Though he is notorious for a certain pair of hokey franchise pictures featuring a certain pair of rubber nipples, the rest of Schumacher’s filmography beyond Batman sequels is decorated with a wide-ranging array of multifaceted movies, though all bear an unmistakable kinetic visual energy. Schumacher certainly had some uneven output as a director (St. Elmo’s Fire and The Client join Batman Forever and Batman And Robin in this latter category), but the glories of the peaks overshadow the shortcomings of the valleys. And say what you will about his misses, but they were certainly never boring. Schumacher’s directorial highlights beyond Flatliners and The Lost Boys: the excellent contained-location Colin Farrell thriller Phone Booth (2002); the Vietnam War training camp drama Tigerland (2000) that marked Farrell’s first-ever starring role; the pulpy John Grisham legal smash A Time To Kill (1996, but it’s more pertinent than ever) starring Samuel L. Jackson, Sandra Bullock and Matthew McConaughey; the nasty Michael Douglas LA vengeance picture Falling Down (1993); and the gritty neo-noir crime thriller 8mm (1999), featuring atypically restrained performances from Nic Cage and Joaquin Phoenix.
The director eventually confided to Roger Ebert in a 2000 interview that his exorbitantly pricey Batman sequels were uncomfortable for him to make, saying that the weight of studio expectations and production elements made the process so clinical that “you’re constantly trying to get some humanity out of it.” He was clearly more in his element with smaller, more streamlined films where character was king and the thrills were more localized, as opposed to the bombastic histrionics of his cape-and-cowl adventures.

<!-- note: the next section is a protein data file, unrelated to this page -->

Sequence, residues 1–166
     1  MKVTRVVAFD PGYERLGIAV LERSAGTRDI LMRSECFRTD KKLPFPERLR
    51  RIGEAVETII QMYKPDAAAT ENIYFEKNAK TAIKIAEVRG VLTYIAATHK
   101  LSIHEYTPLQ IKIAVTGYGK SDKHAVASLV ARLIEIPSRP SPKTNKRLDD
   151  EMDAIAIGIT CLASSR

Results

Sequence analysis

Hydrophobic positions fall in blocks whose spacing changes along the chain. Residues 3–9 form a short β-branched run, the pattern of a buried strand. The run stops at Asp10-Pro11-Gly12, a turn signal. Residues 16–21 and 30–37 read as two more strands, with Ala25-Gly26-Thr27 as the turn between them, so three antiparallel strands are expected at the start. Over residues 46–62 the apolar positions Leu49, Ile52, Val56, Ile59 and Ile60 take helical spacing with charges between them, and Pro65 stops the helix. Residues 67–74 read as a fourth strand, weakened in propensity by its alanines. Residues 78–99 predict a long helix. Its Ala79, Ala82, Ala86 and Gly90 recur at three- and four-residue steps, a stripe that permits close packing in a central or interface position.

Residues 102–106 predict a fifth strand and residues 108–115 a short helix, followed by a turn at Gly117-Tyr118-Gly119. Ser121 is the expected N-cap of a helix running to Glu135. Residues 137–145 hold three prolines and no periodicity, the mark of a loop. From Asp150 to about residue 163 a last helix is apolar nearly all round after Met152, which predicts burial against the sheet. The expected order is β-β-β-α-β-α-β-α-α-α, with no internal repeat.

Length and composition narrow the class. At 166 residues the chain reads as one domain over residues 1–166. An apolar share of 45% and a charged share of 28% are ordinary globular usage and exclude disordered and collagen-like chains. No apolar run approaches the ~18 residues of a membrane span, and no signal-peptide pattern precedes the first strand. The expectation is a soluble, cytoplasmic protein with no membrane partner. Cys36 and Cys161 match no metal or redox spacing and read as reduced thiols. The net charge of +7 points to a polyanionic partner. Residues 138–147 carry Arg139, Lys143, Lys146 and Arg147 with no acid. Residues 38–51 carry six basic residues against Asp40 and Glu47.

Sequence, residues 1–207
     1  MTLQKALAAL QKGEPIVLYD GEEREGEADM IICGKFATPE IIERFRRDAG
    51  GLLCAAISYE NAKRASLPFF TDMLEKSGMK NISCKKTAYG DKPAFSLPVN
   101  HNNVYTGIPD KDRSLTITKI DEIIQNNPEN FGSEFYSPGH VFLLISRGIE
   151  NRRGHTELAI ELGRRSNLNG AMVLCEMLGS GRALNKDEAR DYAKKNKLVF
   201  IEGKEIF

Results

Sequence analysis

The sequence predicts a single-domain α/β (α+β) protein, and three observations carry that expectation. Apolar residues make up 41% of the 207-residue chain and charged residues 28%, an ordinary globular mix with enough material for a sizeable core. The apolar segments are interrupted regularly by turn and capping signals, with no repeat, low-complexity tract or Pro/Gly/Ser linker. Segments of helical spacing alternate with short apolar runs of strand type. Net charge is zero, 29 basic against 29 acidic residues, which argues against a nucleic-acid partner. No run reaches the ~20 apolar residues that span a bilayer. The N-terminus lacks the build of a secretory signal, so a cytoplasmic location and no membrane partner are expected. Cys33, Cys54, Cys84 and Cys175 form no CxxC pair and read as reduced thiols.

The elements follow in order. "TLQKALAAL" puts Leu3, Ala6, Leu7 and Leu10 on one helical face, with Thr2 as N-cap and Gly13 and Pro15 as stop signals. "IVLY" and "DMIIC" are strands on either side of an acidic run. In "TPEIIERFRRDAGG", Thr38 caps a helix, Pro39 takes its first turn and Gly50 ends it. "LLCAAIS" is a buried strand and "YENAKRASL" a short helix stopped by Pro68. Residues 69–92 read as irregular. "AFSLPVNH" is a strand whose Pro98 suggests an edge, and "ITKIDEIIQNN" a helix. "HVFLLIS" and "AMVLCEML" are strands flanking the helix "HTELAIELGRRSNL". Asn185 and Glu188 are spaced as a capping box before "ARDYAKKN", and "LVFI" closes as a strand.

But I digress. Schumacher’s sensibilities when approaching The Lost Boys ultimately were what took its original screenplay from being just another Monster Squad-esque kiddie adventure into something decidedly more fascinating and distinctive, full of a more nihilistic morbidity and decidedly adolescent sexual vibrance. Schumacher notes in the “Retrospective” documentary that the original draft of the screenplay, penned by Janice Fischer and James Jeremias, “was kind of like Goonies Go Vampire… Everyone in it was eight, there was not a girl.” After reading this decidedly more G-rated initial draft, Schumacher went for a jog to ruminate. “While I was running, I thought, ‘Why couldn’t [the vampires’ cave lair] be this kind of Death in Venice hotel that fell into the San Andreas Fault and why couldn’t the vampires be teenagers and why couldn’t it be sexy and why couldn’t they look like English gypsies and why couldn’t they have motorcycles?'” All of these instincts were spot-on, and helped mold Boys into something special. Jeffrey Boam (also responsible for writing The Dead Zone, Indiana Jones and the Last Crusade, and Fearless Leader Joe Dante’s Innerspace), was brought on to reshape the original draft.